Flood Relief in Kenya: Bob Austin

Twin Pioneer
21 Sqn Twin Pioneer from RAF Eastliegh Kenya

The above photo was taken on flood relief duties in Malindi Kenya 1961/62 and 16 Coy RASC AD Detachment also from RAF Eastliegh.

Group photo

L/Right back row.*Bob Gailbraith (RAF), African Policeman,*Dave Rinstead (RAF) Master Signaller Hutchinson(RAF) F/Lt Reith(RAF),Major Wainwright (District Officer Malindi Kenya), Cpl Gordon Rennie (RASC AD),*Eric Lambert (RAF),Dvr Lovejoy att from 60 Coy RASC MT (Gilgil Kenya).Dvr Bill Taylor (RASC AD) Master Pilot Gillet (RAF) Mr Shell of Shell Aviation.

L/Right front row. Brian Finch (RAF), Ef Coohill (RAF),L/Cpl Lenny Higgins(RASC AD), Nobby Clark (RASC AD), F/Lt MacClen (RAF), Dvr Thompson Att from 60 Coy RASC MT (Gilgil Kenya).

From a newspaper of the day:-

“The Eight Men Whose Work Is Saving Lives”
One of the Army detachments which have been assisting in the Tana River basin flood and which deserves the highest praise is that from 16 Coy Royal Army Service Corps (Air Despatch).

Formed in the United Kingdom in 1960 to cover air supply coverage in Kenya, the company arrived in November of the same year. Since then it has been engaged in famine relief work and a number of exercises and operations such as the move of 24 Brigade to Kuwait and back.

A detachment consisting of  Capt P.T.B. Hill, 2 NCOs and five Despatchers from the company arrived in Mombasa to take part in flood operations on Sept 29th 1961 and moved to Malindi where operations headquarters were set up on Oct 3rd.

Since the start of operations the detachment has been packing and dropping supplies to marooned groups of people and villages in the Tana River basin and up to the weekend had flown 361 hrs 40 mins., 211 sorties and dropped a total 381,187 lb of food.

Practically all the food has been free-dropped, but a very small quantity of food and medical supplies has been parachuted. Among unusual articles dropped have been a fully charged battery and tent to a Veterinary department staff marooned at the stock-holding ground at Kurawa.

The detachment had some amusing experiences. On one occasion a bag of maize flour was seen to roll into a house on landing without any damage being caused.

Then a man living in Ijara in Garrisa district rushed out of his hut towards the bags of food before they came to rest with the result that his legs were knocked from under him; the aircrafts crew saw him pick himself up and walk away,perhaps a little shaken and a little wiser,but otherwise unhurt.

Capt Hill and his men use a store in which to pack supplies close to Malindi airfield and provided by the Malindi Farmers Co-operative Society. They were assisted by local Africans.

While the detachment is responsible for packing and dropping supplies, Twin Pioneer aircraft of 21 Sqn Royal Air Force fly them to the required centres and villages. This they have been doing since September 29th,with only two and a half days respite.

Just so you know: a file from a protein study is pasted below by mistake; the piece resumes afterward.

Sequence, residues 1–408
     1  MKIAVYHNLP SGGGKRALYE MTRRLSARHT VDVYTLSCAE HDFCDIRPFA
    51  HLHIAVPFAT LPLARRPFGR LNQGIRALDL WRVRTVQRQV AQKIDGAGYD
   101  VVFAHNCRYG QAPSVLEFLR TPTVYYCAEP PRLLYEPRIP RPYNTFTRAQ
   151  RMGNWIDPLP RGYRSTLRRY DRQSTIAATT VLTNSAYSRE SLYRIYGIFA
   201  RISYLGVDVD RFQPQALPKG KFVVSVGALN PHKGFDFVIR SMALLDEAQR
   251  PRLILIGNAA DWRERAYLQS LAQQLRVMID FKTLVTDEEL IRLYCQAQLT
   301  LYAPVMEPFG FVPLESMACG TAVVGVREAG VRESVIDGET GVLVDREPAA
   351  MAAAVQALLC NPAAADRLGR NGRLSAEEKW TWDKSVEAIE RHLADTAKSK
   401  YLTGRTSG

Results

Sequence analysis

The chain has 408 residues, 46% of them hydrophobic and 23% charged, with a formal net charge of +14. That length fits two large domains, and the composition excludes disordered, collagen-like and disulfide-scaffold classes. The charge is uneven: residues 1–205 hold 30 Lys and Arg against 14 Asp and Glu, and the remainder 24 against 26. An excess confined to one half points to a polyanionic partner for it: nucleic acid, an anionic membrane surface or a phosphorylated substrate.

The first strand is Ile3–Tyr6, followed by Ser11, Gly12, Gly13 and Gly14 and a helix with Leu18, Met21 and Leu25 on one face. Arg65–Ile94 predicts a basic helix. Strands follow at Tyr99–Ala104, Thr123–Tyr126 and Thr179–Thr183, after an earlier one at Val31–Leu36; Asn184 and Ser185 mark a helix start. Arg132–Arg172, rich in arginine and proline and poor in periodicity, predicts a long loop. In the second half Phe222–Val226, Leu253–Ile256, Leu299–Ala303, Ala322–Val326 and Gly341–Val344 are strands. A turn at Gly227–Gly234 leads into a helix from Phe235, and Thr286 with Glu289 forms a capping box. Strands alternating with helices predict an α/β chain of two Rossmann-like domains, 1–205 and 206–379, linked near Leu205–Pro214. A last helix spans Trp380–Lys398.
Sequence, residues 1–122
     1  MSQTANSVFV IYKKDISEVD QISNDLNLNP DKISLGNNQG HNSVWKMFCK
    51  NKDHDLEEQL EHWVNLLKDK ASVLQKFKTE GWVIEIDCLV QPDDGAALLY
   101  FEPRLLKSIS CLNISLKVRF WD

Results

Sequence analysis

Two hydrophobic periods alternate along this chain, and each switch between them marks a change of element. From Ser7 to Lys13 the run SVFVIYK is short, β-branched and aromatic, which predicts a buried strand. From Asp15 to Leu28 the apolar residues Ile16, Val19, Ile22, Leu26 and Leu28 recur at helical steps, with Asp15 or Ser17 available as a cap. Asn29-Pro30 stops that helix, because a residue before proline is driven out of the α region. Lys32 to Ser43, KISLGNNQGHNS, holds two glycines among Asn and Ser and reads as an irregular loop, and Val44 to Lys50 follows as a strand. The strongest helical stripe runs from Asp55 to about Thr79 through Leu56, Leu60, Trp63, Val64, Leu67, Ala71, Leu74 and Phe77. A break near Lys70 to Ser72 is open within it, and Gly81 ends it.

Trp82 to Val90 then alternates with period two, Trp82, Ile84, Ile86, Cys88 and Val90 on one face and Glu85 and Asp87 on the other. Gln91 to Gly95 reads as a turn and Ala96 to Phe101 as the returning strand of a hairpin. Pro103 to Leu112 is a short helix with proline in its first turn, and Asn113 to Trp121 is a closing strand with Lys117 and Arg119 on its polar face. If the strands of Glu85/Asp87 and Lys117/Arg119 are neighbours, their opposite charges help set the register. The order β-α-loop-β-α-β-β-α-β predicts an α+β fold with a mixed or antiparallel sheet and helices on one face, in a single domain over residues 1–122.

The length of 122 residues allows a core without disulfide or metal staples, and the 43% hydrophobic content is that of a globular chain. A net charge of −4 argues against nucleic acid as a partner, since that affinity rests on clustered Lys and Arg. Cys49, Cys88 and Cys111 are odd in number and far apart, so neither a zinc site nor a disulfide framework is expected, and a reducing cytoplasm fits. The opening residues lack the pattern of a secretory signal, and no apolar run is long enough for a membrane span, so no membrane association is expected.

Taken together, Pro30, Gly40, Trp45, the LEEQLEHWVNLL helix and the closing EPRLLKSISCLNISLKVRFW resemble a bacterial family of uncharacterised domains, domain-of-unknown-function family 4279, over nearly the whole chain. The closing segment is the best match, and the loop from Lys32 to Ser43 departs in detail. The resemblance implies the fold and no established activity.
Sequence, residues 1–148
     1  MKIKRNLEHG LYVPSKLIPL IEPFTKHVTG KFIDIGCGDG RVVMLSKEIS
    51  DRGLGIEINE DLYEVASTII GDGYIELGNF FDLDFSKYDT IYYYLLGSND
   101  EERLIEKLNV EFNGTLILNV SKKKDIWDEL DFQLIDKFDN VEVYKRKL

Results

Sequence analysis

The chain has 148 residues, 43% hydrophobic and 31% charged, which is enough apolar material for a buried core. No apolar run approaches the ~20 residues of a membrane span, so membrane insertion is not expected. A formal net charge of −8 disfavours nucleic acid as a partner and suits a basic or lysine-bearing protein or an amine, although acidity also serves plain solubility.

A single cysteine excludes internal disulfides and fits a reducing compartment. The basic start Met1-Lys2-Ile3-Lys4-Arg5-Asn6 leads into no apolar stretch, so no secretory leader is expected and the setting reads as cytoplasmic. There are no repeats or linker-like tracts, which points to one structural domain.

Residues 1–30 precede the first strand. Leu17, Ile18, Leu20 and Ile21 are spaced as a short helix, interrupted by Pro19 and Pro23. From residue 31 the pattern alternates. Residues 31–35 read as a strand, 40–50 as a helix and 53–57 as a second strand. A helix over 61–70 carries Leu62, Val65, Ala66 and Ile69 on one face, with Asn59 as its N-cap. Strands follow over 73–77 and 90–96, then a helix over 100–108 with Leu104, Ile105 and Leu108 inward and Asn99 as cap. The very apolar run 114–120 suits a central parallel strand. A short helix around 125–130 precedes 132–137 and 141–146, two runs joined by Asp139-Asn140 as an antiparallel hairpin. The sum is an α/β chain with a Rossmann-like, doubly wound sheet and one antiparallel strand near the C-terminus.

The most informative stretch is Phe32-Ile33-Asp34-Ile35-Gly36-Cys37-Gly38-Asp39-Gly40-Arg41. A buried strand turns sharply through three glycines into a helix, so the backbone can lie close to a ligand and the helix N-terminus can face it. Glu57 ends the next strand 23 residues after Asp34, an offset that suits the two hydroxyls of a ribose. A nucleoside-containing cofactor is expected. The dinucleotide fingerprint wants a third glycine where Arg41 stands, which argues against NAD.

Flying supplies to people cut off by flood water in the affected areas is by no means easy, as can be judged by the following excerpts from flood operation reports compiled by the District Officer Malindi Sub -District Officer Maj J.M.E. Wainwright who is responsible for the Coordinating of flood relief measures.

Heavy rain in the Lamu and Garsen areas made airdrops difficult and in some places impossible...... A Twin Pioneer which attempted to take emergency supplies to two villages North of Lamu had to turn back owing to bad weather.

Five sorties were flown on the two days despite the bad weather conditions and 9,111 lbs of food were dropped...

The RAF men also had their amusing times. one centre to which they dropped supplies in the early days of operations was Ngau Mission, and after a week of daily drops the crew saw the following notice painted on the roof of the mission------ “Teas and Airport services”.

More recently they saw this message scratched in the sand at a Village North of Lamu----- “Please supply onions, sugar, salt, tea, milk , greens”. Evidently these villagers look upon the RAF as universal providers.

The people in the flooded areas of the Tana River and Lamu Districts owe a debt of gratitude to these RAF and RASC officers and men and are deeply  conscious of this.

Many verbal and written messages of thanks for their life sustaining work have been received by the administration from individuals, communities and entire villages, showing that British servicemen are greatly appreciated.

I was on this detachment in November. By this time HMS Victorious sent a detachment of Helicopters to the area and a detachment of the Guards Regiment. The aircrew and army officer stayed at the Hotel Sinbad. The S/NCO and Despatchers stayed at the Eden Rock Hotel in Malindi. When the Guards arrived they moved into a tented camp.We received instructions that we had to move in with them.When Air Commodore J.C. McDonald heard about this he said, “They are my boys under my command and they will stay where they are” He was known as ‘Black Mac’ and he always looked after the Air Despatchers. Those hotels were brilliant.

Open Door Contents